My current research examines the evolution of faculty and student cultures at a traditionally white institution of higher learning in the American South during the era of the Civil Rights movement. I am particularly interested in how leaders of the institution used state and federal resources, as well as the power of their offices, to develop a surveillant culture that sought sequentially to sustain segregation and deny the impact of integration. Emboldened by the fact that the end to desegregation failed to result in the demise of civilization, white faculty and students, often in league with their African American peers, began after 1965 to demand that the institution embrace academic freedom, shared governance and student rights. Those efforts took another decade to accomplish. I'm also interested in examining how the movements to give voice to faculty and students shaped the institution in fact and in memory over the next thirty years.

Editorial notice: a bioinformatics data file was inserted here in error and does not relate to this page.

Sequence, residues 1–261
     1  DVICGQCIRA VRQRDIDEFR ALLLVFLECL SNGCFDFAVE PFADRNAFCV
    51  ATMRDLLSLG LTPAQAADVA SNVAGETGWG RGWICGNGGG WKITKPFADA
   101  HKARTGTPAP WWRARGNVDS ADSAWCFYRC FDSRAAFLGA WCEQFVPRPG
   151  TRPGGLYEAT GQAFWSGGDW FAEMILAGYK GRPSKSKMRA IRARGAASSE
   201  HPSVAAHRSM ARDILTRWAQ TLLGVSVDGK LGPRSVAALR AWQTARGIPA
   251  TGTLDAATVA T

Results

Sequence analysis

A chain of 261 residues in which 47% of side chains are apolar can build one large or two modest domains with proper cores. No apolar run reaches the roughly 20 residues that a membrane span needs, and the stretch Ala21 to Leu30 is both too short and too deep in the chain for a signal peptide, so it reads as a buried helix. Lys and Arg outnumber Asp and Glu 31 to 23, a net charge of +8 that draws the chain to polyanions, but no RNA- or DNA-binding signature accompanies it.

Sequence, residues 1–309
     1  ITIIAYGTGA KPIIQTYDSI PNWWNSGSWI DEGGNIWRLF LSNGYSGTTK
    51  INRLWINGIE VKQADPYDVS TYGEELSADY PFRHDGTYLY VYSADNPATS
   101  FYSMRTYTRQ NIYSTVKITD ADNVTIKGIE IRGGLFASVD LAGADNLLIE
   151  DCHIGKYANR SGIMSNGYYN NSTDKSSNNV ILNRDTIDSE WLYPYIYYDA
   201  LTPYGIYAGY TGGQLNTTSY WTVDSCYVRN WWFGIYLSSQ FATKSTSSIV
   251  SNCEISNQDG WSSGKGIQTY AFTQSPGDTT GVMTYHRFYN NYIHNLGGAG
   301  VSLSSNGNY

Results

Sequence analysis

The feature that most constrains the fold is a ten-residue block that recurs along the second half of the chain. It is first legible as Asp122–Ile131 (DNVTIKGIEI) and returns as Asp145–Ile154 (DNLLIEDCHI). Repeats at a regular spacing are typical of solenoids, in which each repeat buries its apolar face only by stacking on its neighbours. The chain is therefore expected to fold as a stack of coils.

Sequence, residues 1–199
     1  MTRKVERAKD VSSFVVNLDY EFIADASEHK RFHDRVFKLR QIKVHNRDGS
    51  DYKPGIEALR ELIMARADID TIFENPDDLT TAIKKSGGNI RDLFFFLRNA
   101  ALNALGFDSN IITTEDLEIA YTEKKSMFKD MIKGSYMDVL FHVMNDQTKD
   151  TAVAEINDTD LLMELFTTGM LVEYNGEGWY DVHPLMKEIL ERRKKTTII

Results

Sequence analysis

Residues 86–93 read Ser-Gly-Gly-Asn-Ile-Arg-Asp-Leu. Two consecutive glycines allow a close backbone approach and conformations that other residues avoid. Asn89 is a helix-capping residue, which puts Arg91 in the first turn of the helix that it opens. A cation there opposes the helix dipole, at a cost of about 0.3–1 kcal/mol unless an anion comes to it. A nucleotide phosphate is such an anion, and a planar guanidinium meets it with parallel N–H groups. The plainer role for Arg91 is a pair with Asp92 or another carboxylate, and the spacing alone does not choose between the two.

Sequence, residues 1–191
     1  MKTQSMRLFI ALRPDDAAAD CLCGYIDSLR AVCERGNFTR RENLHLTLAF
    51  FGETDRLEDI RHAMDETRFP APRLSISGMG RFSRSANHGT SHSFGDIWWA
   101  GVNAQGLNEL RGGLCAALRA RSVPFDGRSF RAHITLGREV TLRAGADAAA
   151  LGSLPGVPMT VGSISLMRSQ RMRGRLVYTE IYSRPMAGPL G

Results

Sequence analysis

- Political Culture in the Nineteenth-Century South: Mississippi, 1830-1900. Louisiana State University Press, 1995.
- (Editor with James W. Ely) The New Encyclopedia of Southern Culture, Law and Politics, vol. 10. University of North Carolina Press, 2008.
- (Editor) French Colonial Louisiana in the Atlantic World. Louisiana State University Press, 2003.
My teaching interests are broad. In fact, I prefer to teach courses that span a long period. My particular teaching interest lies in the American south across time.
- HIST 260 American History to 1865
- HIST 261 American History since 1865
- HIST 372 History of the South
- HIST 379 American Military History
- HIST 464 The Civil War Era
- EPFE 723 History of Higher Education
- HESA 500 Foundations of Higher Education
Ph.D. Louisiana State University, 1993
Monday, Wednesday and Thursday 11 a.m.-noon
By appointment (online via Zoom)